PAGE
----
Windows 10 Will Use Virtualization For Extra Security

Windows 10 Will Use Virtualization For Extra Security

Microsoft explores new security strategies based on virtualization to better protect enterprise customers from malware and identity theft.

When we’re talking about Windows 10 features, security upgrades are often edged out of the spotlight by flashy additions like Cortana for desktop, Microsoft Edge, and Universal Apps.

Perhaps this is because Microsoft is targeting a broad consumer audience with its new operating system, and many people don’t care quite as much about nitty-gritty security details as they do about the return of the Start menu. Increased security is not an attention-grabber for everyone

That said, there are still plenty of consumers and enterprise customers who want to know how their devices and data will be protected on Windows 10. We’re living and working in an age of heightened security risk. The question is not whether an attack will happen, but when.

[CIOs Aren’t Getting What They Need From CRM]

“The threats that we’re seeing are dramatically different from what we saw four years ago,” Chris Hallum, senior product manager for Windows business security, said in an interview with InformationWeek. “Organizations are still getting breached, even when they have the very best security solutions.”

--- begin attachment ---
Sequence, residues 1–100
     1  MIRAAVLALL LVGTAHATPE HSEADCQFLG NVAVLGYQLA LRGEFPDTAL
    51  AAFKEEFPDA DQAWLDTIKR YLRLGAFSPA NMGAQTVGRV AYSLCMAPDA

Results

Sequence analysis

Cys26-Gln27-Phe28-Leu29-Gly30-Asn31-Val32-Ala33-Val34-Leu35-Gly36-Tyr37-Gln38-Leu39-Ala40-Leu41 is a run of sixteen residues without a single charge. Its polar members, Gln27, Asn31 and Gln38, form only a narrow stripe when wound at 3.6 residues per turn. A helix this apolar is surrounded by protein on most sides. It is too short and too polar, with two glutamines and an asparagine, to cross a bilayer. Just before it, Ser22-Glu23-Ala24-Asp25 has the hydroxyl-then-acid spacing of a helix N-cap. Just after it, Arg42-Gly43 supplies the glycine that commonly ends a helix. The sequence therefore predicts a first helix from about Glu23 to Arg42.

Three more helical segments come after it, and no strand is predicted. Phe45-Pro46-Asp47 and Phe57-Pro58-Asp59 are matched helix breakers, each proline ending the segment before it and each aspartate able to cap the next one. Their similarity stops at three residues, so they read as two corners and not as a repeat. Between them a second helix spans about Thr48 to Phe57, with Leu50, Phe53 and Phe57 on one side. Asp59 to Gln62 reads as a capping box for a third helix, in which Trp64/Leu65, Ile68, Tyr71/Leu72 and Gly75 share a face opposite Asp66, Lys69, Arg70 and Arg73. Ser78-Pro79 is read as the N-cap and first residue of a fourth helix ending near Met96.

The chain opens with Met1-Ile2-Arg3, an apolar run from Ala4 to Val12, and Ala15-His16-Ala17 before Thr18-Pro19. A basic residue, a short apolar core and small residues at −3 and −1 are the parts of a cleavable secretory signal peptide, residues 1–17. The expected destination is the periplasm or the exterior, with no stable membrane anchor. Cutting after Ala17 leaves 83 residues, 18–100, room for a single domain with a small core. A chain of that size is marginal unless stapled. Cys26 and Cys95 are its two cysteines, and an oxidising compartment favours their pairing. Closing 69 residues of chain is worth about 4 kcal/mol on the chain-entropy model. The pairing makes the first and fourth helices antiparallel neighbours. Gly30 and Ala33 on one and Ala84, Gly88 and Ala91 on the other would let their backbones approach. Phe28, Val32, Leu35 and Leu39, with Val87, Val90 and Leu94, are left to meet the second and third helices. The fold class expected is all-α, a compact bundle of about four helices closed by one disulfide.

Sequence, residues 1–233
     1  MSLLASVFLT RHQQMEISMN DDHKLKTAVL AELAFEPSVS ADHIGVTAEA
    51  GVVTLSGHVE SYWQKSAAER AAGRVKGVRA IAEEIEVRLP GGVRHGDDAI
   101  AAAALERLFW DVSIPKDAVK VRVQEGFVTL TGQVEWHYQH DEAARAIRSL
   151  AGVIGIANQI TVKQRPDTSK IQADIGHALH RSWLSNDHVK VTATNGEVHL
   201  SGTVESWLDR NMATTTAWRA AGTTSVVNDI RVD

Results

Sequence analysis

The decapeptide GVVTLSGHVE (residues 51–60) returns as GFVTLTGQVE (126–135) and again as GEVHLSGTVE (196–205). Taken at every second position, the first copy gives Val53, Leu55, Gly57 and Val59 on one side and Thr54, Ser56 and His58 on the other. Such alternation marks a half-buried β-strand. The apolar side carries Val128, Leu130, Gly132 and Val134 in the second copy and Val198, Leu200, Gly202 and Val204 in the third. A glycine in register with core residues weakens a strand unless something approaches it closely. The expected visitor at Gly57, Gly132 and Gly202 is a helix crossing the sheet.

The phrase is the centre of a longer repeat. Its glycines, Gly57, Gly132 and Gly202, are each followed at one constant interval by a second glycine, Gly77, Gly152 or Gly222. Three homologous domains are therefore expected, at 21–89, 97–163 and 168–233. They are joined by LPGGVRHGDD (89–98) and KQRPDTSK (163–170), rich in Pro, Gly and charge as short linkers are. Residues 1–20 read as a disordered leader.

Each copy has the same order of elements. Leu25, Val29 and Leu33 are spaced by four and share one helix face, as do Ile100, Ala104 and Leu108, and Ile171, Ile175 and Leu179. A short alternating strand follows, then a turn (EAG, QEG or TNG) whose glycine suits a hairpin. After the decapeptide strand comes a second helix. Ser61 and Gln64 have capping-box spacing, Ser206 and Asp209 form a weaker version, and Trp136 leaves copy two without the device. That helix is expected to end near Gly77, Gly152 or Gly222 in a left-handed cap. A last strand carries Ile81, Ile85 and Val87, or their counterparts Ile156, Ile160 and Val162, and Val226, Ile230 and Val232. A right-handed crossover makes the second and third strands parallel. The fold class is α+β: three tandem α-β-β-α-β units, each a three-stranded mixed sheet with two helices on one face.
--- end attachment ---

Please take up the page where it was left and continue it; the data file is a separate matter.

Today’s attacks are more aggressive and targeted. Detection-based models for pinpointing malware are no longer enough. Most hackers use one of two avenues in a security breach: identity theft and increasingly advanced malware.

In Windows 7 and 8, Microsoft implemented security measures that now seem incremental in hindsight, said Hallum. The goals were to build taller and thicker “walls” for enhancing security, and to create more “speed bumps” to prevent attacks.

While this made it harder for hackers to get through, it didn’t eliminate any specific class of attacks.

Hackers began to adopt new capabilities faster than Microsoft was changing its features. As data breaches began to escalate rapidly, the team decided it was time to “fundamentally change the game with attackers,” Hallum explained.

“With Windows 10, we took the time to change the platform to make the interior hard as the exterior,” he continued. One of the biggest security updates in Windows 10 is the use of virtualization as a means of preventing identity theft and distribution of malware.

The Windows component that facilitates communication, also known as the local security authority (LSA), can give a hacker full authentication if successfully compromised. In Windows 10, the LSA is moved into a separate container that serves as a virtualization-based security (VBS) environment.

continue reading >>>